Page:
COVID-19 Testing is Available

Due to the growing need for COVID-19 testing locations, our 5201 Haverford Ave. location is now open for testing. 

COVID-19 testing is available at:
5201 Haverford Ave.
Philadelphia, PA 19139

*Please Note** While there continue to be limits on test supplies, test availability, and personal protective equipment, the Philadelphia Department of Public Health is broadening its recommendations for whom to offer COVID-19 testing as follows:

  • Offer COVID-19 testing to persons of any age who present with new-onset:
    • Cough
    • Shortness of breath OR
    • Two of the following symptoms: fever, chills, muscle pain, sore throat, headache, new loss of taste or smell
  • Prioritize testing of symptomatic persons who are:
    • Hospitalized
    • At increased risk for severe disease because of chronic medical conditions
    • Residents and staff in congregate settings (i.e. nursing homes, behavioral health facilities, shelters and prisons)
    • Healthcare workers
    • Public safety workers (Police, Fire, EMS)
    • Other essential workers (mass transit workers, grocery store / pharmacy staff, etc.)
    • Close contacts of known cases or persons who are associated with a known cluster of cases regardless of age

If you think you need to be tested, please call 215-471-2761 to schedule your preliminary telehealth screening. Testing will occur Monday, Wednesday and Friday from 9:30AM to 4:00PM.

Even if you don’t meet the above criteria, we still encourage you to seek medical advice if you are experiencing COVID-19 symptoms such as fever, cough or shortness of breath. Please contact us as 215-471-2761 to make a telehealth appointment

COVID-19 Symptoms

Reported illnesses have ranged from mild symptoms to severe illness and death for confirmed coronavirus disease 2019 (COVID-19) cases.

The following symptoms may appear 2-14 days after exposure.*

  • Fever
  • Cough
  • Shortness of breath
  • Two of the following symptoms: fever, chills, muscle pain, sore throat, headache, new loss of taste or smell

If you develop emergency warning signs for COVID-19 get medical attention immediately. Emergency warning signs include*:

  • Difficulty breathing or shortness of breath
  • Persistent pain or pressure in the chest
  • New confusion or inability to arouse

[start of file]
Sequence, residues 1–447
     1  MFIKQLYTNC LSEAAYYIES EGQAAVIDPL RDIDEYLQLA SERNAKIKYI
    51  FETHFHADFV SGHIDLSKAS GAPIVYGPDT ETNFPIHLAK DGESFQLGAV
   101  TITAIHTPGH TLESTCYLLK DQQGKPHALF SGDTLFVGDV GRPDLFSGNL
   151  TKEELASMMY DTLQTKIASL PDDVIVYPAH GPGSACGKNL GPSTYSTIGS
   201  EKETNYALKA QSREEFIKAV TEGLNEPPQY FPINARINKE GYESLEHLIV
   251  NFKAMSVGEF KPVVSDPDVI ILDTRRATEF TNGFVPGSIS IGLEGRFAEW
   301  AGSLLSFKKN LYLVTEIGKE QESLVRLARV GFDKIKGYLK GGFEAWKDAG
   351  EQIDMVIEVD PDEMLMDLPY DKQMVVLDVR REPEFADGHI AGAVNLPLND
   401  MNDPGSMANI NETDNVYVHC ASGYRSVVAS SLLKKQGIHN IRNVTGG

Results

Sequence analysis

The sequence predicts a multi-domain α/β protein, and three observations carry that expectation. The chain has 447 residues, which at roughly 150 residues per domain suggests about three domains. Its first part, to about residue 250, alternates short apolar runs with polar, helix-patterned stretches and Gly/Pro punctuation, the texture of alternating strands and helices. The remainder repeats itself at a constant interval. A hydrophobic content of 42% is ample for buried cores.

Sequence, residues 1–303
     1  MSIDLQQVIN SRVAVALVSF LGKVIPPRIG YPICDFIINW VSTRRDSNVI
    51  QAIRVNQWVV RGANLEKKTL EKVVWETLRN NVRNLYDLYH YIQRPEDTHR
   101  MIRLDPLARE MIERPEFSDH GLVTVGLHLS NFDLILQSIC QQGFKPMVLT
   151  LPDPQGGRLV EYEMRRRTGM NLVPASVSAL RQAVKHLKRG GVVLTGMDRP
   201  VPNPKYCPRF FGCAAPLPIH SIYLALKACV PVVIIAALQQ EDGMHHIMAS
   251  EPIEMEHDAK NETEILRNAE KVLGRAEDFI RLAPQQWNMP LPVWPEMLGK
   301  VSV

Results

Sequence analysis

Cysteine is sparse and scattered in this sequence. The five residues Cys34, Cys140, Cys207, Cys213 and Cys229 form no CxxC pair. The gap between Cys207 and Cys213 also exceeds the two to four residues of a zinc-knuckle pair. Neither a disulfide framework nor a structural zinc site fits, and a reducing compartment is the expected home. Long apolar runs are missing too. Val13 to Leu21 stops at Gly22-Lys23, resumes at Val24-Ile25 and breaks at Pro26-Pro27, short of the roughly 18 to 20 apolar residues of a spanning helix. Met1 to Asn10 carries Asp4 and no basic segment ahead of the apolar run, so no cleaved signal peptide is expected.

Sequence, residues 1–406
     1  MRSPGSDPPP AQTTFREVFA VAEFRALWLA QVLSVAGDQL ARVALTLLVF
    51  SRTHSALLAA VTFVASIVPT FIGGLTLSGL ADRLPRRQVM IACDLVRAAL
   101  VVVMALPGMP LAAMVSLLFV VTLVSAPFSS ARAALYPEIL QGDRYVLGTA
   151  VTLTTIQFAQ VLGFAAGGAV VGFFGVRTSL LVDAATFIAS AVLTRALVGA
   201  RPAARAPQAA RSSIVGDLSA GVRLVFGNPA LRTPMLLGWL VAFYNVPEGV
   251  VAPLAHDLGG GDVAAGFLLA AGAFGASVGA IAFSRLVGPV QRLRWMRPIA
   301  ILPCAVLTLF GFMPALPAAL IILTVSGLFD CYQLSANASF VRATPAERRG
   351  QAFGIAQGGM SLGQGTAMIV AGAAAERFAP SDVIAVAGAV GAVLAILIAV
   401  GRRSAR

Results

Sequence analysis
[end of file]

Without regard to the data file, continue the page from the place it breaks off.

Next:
• Bluish lips or face

*This list is not all inclusive. Call your healthcare provider: If you think you have been exposed to COVID-19 and develop a fever and symptoms, such as cough or difficulty breathing, call your healthcare provider for medical advice

If you are a close contact of someone with COVID-19 or you are a resident in a community where there is ongoing spread of COVID-19 and develop symptoms of COVID-19, call your healthcare provider and tell them about your symptoms and your exposure. They will decide whether you need to be tested, but keep in mind that there is no treatment for COVID-19 and people who are mildly ill may be able to isolate and care for themselves at home.

If you are at higher risk for serious illness

People at higher risk for serious illness from COVID-19 should contact their healthcare provider early, even if their illness is mild.

Older adults and people who have severe underlying chronic medical conditions like heart or lung disease or diabetes seem to be at higher risk for developing more serious complications from COVID-19 illness.

How to Protect Yourself: https://www.cdc.gov/coronavirus/2019-ncov/prepare/prevention.html
What To Do if You Are Sick: https://www.cdc.gov/coronavirus/2019-ncov/if-you-are-sick/steps-when-sick.html
More information: https://www.cdc.gov/coronavirus/2019-nCoV/index.html

About COVID-19

On February 11, 2020 the World Health Organization announced an official name for the disease that is causing the 2019 novel coronavirus outbreak, first identified in Wuhan China. The new name of this disease is coronavirus disease 2019, abbreviated as COVID-19. In COVID-19, ‘CO’ stands for ‘corona,’ ‘VI’ for ‘virus,’ and ‘D’ for disease. Formerly, this disease was referred to as “2019 novel coronavirus” or “2019-nCoV”.

There are many types of human coronaviruses including some that commonly cause mild upper-respiratory tract illnesses. COVID-19 is a new disease, caused be a novel (or new) coronavirus that has not previously been seen in humans. The name of this disease was selected following the World Health Organization (WHO) best practice for naming of new human infectious diseases.


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